Paying to see the royals

In California, even celebrities had to make a charitable donation to meet William and Kate

by Patricia Treble

Ultimate pay-per-view

Mark Large/Getty Images

If the Canadian trip by Prince William and Catherine was focused on meeting the people of the Crown’s northern realm, then their 48-hour jaunt to Los Angeles was, in the words of one tabloid, “the ultimate pay-per-view.”

All the headline events were to support organizations or to raise money for charities that the royals either oversee or back. And in a city used to ladling out freebies to celebrities, this time everyone had to pay for the opportunity to be star-struck. On Saturday alone, William and Kate raised an estimated $7 million. First up was a polo match. A $100,000 cheque (and the ability to ride a horse) got a donor onto a polo pony, $4,000 bought lunch in the royal tent, while $400 got wannabes a seat in the stands and a brown-bagged meal. William “let loose,” as he put it, and scored four of his winning team’s five goals. All proceeds went to the American arm of the Foundation of Prince William and Prince Harry that backs charities focused on youth, military families and the environment. That night he and Kate chatted up Hollywood’s equivalent of royalty, including Tom Hanks, Barbra Streisand and Nicole Kidman, at a British Academy of Film and Television Arts (BAFTA) gala where a table cost $16,000.

Though the trip was tightly scripted with few chances for informality, a mob of camera crews and reporters stalked the couple’s every move. Every moment of the celebrity-laden visit—William with David Beckham, Kate talking to Reese Witherspoon, the newlyweds studiously averting their eyes from J. Lo’s abs, visible in her cutaway dress—was photographed. The Today show devoted its prime slots to chef Giada De Laurentiis’s minute-by-minute recollection of serving lunch at the polo match. Her beef tenderloin crostini recipe appeared in People. Even the state of California cashed in on the visit, rushing a “what William and Kate should visit” commercial onto TV.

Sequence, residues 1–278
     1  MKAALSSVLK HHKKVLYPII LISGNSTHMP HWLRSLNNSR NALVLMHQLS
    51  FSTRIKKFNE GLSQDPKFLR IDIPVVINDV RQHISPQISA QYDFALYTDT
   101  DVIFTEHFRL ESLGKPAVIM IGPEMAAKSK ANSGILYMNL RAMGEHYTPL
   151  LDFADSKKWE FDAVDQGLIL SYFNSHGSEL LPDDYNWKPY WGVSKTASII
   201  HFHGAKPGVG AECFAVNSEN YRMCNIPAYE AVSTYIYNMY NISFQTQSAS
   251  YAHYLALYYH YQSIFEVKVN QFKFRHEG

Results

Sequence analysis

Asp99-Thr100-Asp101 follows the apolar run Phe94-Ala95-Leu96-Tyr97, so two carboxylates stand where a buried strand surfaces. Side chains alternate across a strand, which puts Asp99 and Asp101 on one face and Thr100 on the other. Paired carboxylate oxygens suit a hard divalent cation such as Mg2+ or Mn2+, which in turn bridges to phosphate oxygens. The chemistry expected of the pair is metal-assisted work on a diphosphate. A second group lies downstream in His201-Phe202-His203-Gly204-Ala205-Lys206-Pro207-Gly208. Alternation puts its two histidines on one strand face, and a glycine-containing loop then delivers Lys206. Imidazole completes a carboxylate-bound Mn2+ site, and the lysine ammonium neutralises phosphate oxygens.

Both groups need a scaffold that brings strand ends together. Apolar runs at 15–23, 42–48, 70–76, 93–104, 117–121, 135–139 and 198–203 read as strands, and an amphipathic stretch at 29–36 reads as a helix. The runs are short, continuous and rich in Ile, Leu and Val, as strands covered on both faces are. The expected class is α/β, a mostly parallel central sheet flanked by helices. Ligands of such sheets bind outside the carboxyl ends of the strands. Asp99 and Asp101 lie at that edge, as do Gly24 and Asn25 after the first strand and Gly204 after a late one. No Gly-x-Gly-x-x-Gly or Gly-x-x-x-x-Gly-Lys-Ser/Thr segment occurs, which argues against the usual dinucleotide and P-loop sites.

Despite the crass ambitions on display in L.A., the royal couple seemed to rise above them. “There’s a special lustre [about the couple] that you just can’t recreate,” actor Stephen Fry told the BBC. “If they managed to reproduce Marilyn Monroe and Clark Gable, and they came in the room at one end and the Cambridges came in at the other, all of Hollywood would be staring at the Cambridges.” While many fellow guests at the BAFTA gala showed overwhelming amounts of beading and cleavage, Kate wore a modest pleated chiffon gown in palest lavender. Her diamond earrings weren’t loaned by a jeweller, eager for mention in a gossip column, but rather borrowed from the Queen.

While the couple have clearly mastered the art of the soft sell, they only visibly relaxed when they left Hollywood behind for downtown L.A. At an inner-city arts program, they drew, painted ceramics with children and even pressed their hands into clay. After her first weak attempt at a handprint, William laughingly told his wife, “Come on, do it again a little harder.”

Then it was on to an employment fair run by ServiceNation that reintegrates servicemen into civilian life. It was, said William, “one of the most important” events of their long tour because it aids servicemen and their families. He got in a dig at Prince Harry—“my low-flying Apache pilot of a kid brother”—and mentioned that the brothers’ foundation had been a partner at the event. The attention that William and Kate bring to rarely noticed organizations, like ServiceNation, wasn’t lost on Hollywood. “We’re just faking and getting paid for it,” said actor Jason Bateman. “They’re the real deal.”




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